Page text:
For the NYT, I had a question about joint subscriptions (Kindle and those for online viewing). The response said that they could not find my email address in their database so I should please register or tell them an address I’d used when I subscribed. Well, I was clear in my first email that my subscription was through Amazon on my Kindle and not an online one. This time, I was a bit snarky in my email back to them:

Well, you seem to have ignored what I wrote about. I said I have a KINDLE subscription. That's through Amazon and not through you as you well know.

Let's go back to what I asked rather than the non-answer you gave me. I have a KINDLE subscription to the NYT that I read on my Kindle, obviously. I would love to have a joint subscription that I could also read either on my Kindle app on my desktop or iPhone or just on my laptop through NYT rather than through Amazon. I do not see any option that would allow that. The only options for online subscriptions (NOT ones from Amazon/Kindle) are for a combination of different computer/phone/iPad devices. Seems silly for me to pay you $19.99 a month for my KINDLE subscription and then have to pay an additional fee of about that or more to be able to read NYT on my laptop or iPhone or iPad. So, that is the basis of my question.

This time, and I'm sorry for being so direct about my disappointment in your first answer which did not address my questions at all, I hope you will respond with answers. 

Canon sent me an email survey about my experience with customer service. Had fun filling that out.

Feb 27 2015

Mom and Dad’s wedding 1933

Mom and Dad in 1982: He was 76+, she 69+, I was 41+

Bud’s “Sorry Don’t Mean a Bag of Beans”

Bud’s “Crepe Fromage”

Jeff’s Moments in Time

Oct 01 2014


We are selling our old house and the closing is scheduled for this week. We have an AT&T Uverse landline phone there and have an alarm system with a monitoring service. First thing I did was to try to login to my AT&T account on line to “manage” it. Seems as if there are different logins for AT&T, AT&T mobile, and AT&T Uverse. Stumbling along, I could not seem to login anywhere. So, started a chat with a rep.

I told him what I wanted to do was to login to my Uverse account to stop my landline at the old house but to make no other changes (our mobile phones are on that particular account as well). After going back and forth and back and forth with who I am, what my address is, what my access code is, etc. (let’s say about 15 minutes), he told me that neither he nor I could do what I wanted to do either with him or if I could login to my account. I’d have to call an 800 “retention” number. Got that … retention.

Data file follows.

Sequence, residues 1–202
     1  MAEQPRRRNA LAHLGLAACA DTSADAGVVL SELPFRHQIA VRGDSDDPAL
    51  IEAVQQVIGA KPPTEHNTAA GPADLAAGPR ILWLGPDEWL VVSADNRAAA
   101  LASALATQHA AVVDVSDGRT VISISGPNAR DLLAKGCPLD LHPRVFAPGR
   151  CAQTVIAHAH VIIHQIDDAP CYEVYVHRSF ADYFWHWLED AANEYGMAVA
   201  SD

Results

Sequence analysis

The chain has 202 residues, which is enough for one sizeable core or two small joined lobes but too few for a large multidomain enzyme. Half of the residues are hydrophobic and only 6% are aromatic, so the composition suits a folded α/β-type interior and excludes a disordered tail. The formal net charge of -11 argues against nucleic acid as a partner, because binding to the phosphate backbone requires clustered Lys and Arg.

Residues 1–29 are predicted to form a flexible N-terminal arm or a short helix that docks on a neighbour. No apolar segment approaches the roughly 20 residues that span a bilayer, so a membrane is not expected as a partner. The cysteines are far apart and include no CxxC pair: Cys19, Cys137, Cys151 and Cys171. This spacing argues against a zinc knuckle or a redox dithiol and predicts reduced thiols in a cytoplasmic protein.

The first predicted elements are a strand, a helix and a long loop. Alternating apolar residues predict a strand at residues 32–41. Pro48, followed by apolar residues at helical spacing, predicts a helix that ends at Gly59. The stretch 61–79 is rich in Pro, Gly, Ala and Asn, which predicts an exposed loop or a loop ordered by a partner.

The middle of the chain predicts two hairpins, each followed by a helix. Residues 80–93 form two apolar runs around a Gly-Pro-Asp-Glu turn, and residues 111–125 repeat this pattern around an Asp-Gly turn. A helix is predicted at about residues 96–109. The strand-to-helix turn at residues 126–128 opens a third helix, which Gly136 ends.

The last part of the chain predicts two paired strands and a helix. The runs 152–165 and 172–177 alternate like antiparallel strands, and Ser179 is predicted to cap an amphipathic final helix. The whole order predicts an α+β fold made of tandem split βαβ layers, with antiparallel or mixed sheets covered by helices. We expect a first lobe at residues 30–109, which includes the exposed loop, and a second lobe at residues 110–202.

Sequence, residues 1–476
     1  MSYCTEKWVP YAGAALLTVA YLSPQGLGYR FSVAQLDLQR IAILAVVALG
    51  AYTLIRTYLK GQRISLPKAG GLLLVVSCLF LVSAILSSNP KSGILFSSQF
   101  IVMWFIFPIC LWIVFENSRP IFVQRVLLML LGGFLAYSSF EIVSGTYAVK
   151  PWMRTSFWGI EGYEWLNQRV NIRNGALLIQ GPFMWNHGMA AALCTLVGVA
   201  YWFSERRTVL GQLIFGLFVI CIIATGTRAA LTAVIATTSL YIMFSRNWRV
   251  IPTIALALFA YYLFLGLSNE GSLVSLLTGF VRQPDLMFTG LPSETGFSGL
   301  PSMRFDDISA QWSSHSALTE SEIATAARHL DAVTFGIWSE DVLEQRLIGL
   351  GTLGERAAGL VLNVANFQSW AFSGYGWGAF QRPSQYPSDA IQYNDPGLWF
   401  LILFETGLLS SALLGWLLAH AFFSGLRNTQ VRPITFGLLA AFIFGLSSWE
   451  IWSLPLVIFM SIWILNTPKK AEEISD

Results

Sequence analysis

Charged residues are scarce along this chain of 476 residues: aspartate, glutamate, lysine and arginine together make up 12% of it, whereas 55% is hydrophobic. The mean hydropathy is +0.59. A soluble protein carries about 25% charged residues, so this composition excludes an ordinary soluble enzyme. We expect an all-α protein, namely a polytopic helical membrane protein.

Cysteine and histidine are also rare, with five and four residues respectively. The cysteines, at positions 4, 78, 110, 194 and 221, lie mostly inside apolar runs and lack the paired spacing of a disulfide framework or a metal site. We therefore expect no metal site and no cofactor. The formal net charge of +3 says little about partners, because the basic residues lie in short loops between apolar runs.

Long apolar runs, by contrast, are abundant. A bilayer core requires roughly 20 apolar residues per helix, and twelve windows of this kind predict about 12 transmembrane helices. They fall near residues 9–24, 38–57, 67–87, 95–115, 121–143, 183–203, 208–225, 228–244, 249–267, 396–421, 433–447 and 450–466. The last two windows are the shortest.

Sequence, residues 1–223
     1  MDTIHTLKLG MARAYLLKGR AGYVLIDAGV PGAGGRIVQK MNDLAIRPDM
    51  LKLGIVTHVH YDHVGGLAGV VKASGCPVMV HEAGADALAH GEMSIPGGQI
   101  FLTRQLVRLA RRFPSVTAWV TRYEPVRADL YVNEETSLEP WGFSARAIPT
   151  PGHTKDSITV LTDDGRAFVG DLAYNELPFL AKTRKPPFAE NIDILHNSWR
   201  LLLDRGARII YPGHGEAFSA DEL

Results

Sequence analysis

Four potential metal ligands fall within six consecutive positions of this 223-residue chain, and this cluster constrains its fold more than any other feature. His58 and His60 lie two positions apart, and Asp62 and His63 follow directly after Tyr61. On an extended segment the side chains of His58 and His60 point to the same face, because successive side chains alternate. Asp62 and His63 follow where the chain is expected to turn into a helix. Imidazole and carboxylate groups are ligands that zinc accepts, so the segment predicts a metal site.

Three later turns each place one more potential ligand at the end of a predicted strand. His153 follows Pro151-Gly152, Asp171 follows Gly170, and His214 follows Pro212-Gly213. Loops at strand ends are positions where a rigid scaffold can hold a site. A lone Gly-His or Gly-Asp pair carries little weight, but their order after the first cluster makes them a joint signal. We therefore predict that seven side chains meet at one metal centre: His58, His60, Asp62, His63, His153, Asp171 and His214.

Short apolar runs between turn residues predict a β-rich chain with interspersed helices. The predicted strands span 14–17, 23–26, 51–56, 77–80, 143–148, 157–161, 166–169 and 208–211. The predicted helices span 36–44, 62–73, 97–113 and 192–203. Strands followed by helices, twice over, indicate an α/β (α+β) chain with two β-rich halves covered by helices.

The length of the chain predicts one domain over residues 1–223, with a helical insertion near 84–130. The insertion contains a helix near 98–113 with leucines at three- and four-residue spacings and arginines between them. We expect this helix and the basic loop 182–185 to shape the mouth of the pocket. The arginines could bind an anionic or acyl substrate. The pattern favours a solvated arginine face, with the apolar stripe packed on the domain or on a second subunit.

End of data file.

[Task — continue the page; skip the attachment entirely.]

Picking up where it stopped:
The rep told me to say “Cancel” after the machine voice answered. I called. I said “cancel.” Oh, that doesn’t work. You have to put in your phone number for the account you want to deal with. After a few more machine questions and answers, I did get a customer service rep. He said he would cancel the landline. A couple of things here: (1) we shall wait and see if something as simple as stopping that particular phone line really happens and nothing else gets screwed up (been there too many times with AT&T), and (2) the rep advised me to wait at least 30 days before combining the old account (now with just mobile phones on it) with our new account at our new house. Combining it earlier would insure a screw up in billing or worse. So, we shall see how this all pans out. I have never found dealing with AT&T simple. A first time, maybe?

Next I called our monitoring company on their 800 customer service number, a company with whom we’ve been doing business for at least 40 years in their present form and their predecessors. Had to wait 20 minutes on hold before getting a rep (loud, repetitive music). I requested that their monitoring service terminate on the date of closing since the buyer wasn’t sure what he/she wanted to do about an alarm. I was informed that (1) I’d have to mail (yes, mail) them a cancellation letter and (2) since I was cancelling and not moving the account to another address, I’d be responsible immediately to pay the monitoring fees through July, 2015. Seems as if I’d signed a contract for three years of service. What I don’t understand is that I own the alarm equipment. So why should I have to pay to cancel service? Oh, when I asked, he did tell me he could email me the cancellation letter which I can fill out, scan, and send back. And he is to send me a copy of my contract as well.

Called back on local service department number. Found out the customer service department was in St. Louis even with its toll-free number that I had called. The Service Department rep said she’d try to connect me with someone in management in Customer Service. After about 10 minutes on hold listening to their ads for their services, an operator asked how she could direct me call. Arghhh. Thought it was directed. Told her a manager in Customer Service. So, now music and another 15-minute hold. Rep answered and tried to get a manager, waited on hold again.

Rep came back on line, said manager was busy in her office, but knew about my earlier request. He told me that “all” alarm companies have long-term contracts with clients that “spell out each party’s duties and responsibilities.” He really could not tell me what I got from such a contract since I own my equipment and have always done so. It was just the way it is and he alleged it is this way with all alarm companies. I know that when we cancelled service with another company at a non-profit I am associated with, it was just cancelled. Period. No future fees to pay based on a long-term contract. So, “all” seems inaccurate given the other company is a major player in this market as well.

I played the “long-term customer” card. Back on hold as he checked with his manager. He came finally back and said given how long we had been associated with the company, his manager had agreed to waive the balance of the contract fees. Took about an hour of my time like pulling teeth, but finally got relief. Time for an evening libation … and waiting to see how this all really turns out.